Depth perception, color recognition and peripheral vision can all be compromised at night. Even with high-beam lights, visibility is limited to 500 feet (250 feet for normal headlights,) giving drivers less time to react. Headlight glare from oncoming vehicles can also temporarily blind drivers. Individuals with cataracts have a particularly difficult time with glare from headlights, making night driving very difficult to impossible.

The most important factors for safe driving are visual acuity and field of vision. Visual acuity is the sharpness of your vision, measured by the ability to discern letters or numbers at a given distance according to a fixed standard. Visual field is how wide of an area your eye can see when focusing on a central point. Additionally, color vision helps to identify traffic signals and brake lights. Contrast sensitivity aids in identifying pedestrians, lights and road signs.

There are a myriad of eye conditions and diseases that affect night driving, including the need for glasses, cataracts, glaucoma, diabetic retinopathy and macular degeneration.

In states where periodic mandatory vision screening is required of senior drivers, most cases of potential loss of license due to poor vision are due to the need for glasses or a change in existing glasses. New Jersey, unfortunately, is not one of those states.

Nonetheless, it is important to have regular eye exams with your eyecare provider to detect and treat problems that impact nighttime vision.

February 4, 2019

Does Marijuana Really Help Treat Glaucoma?

Medical marijuana is a popular treatment for a variety of maladies. Glaucoma, a disease of the optic nerve which can lead to vision loss and blindness, is often understood to be one of them. But while medical marijuana maintains several therapeutic uses, it is ineffective in the management of glaucoma.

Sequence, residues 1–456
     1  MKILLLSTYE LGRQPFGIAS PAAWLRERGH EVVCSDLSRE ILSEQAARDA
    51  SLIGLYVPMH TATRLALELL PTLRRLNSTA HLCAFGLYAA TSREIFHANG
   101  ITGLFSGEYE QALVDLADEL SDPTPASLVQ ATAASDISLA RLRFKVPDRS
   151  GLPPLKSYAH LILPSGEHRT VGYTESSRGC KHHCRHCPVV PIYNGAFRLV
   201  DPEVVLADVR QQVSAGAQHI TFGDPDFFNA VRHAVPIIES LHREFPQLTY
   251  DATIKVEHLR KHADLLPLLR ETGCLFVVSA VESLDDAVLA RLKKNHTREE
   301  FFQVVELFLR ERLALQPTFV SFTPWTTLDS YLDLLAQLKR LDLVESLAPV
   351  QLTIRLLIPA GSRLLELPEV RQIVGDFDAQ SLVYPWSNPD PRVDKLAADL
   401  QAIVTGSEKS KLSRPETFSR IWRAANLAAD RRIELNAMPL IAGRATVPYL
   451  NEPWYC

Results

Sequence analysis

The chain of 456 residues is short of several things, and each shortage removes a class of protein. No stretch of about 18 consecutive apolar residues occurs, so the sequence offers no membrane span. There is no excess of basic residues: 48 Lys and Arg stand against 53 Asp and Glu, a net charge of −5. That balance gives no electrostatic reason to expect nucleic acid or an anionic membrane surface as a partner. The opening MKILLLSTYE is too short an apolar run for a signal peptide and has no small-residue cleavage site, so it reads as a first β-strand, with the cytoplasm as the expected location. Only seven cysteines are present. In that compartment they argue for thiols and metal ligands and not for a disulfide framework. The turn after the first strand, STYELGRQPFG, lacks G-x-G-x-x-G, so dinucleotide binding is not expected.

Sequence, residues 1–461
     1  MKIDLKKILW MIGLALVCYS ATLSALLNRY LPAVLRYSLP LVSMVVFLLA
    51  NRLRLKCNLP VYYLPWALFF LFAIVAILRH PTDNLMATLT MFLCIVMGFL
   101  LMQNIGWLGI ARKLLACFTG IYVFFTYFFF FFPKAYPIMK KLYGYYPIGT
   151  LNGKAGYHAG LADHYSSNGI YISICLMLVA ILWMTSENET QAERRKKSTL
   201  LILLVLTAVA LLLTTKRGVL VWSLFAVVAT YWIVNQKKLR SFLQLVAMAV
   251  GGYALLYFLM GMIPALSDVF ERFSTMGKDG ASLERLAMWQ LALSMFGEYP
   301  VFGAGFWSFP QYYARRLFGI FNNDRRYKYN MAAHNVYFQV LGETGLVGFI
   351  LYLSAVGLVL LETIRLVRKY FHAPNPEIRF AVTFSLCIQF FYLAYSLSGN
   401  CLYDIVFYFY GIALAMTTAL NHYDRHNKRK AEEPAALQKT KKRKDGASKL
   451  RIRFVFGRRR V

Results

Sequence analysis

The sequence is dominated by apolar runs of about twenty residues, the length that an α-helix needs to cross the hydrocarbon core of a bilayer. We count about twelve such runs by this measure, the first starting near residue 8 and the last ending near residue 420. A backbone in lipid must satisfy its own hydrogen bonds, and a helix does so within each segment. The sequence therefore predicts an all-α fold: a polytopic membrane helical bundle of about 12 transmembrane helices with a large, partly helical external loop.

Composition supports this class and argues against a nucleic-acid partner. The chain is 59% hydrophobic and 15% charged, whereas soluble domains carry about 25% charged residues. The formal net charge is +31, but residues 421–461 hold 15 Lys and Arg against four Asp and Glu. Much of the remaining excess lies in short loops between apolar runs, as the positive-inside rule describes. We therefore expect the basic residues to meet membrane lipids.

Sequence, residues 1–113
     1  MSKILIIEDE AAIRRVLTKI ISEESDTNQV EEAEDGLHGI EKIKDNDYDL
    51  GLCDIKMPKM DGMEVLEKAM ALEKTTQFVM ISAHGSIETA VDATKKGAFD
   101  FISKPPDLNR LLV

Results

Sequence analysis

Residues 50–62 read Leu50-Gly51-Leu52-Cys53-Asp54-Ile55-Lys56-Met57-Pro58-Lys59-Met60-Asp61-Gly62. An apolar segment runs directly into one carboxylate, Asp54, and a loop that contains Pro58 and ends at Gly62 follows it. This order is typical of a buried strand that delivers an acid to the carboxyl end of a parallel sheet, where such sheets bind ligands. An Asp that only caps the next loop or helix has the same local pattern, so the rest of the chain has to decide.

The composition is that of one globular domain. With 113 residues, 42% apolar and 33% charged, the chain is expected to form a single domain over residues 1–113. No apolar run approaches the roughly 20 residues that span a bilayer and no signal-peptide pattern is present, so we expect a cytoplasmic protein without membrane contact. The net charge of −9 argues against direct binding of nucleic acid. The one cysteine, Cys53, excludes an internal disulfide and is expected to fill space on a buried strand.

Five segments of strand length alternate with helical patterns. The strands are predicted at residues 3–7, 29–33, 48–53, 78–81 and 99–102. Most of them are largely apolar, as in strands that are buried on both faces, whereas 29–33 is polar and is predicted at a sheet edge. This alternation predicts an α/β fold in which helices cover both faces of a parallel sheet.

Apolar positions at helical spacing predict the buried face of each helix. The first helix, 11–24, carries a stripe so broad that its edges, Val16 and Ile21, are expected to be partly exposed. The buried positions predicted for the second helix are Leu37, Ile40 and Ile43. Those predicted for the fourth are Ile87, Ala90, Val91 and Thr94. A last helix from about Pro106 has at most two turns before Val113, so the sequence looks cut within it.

Glaucoma is treated with medicated eyedrops to lower the pressure within the eye.  Marijuana can also lower this pressure. The problem is that marijuana also lowers blood pressure. This can have negative effects on the optic nerve, the structure damaged by the high pressure in glaucoma.

Another problem with marijuana is the pressure lowering effect lasts only three to four hours. This short duration means that a user needs to consume the drug about six to eight times a day to effectively keep eye pressure low.

Unfortunately, the same ingredient in marijuana that lowers eye pressure also produces a high. For most people, controlling their glaucoma with a mind and mood altering drug that needs to be used every three to four hours is not a very good idea.

Marijuana impairs the ability to perform complex tasks such as driving, operating heavy machinery and functioning at maximum mental capacity. Medical marijuana, if smoked, also contains hundreds of compounds that damage the lungs. Chronic, frequent use can also damage the brain.

These concerns and limitations lead the ophthalmology community to conclude that recommending marijuana to treat glaucoma is not in our patients’ best interest.

A comprehensive eye exam is the best way to diagnose and treat glaucoma. Depending on the severity of the condition, your ophthalmologist may recommend treatment ranging from prescription eye drops to laser treatments to surgery.

January 4, 2019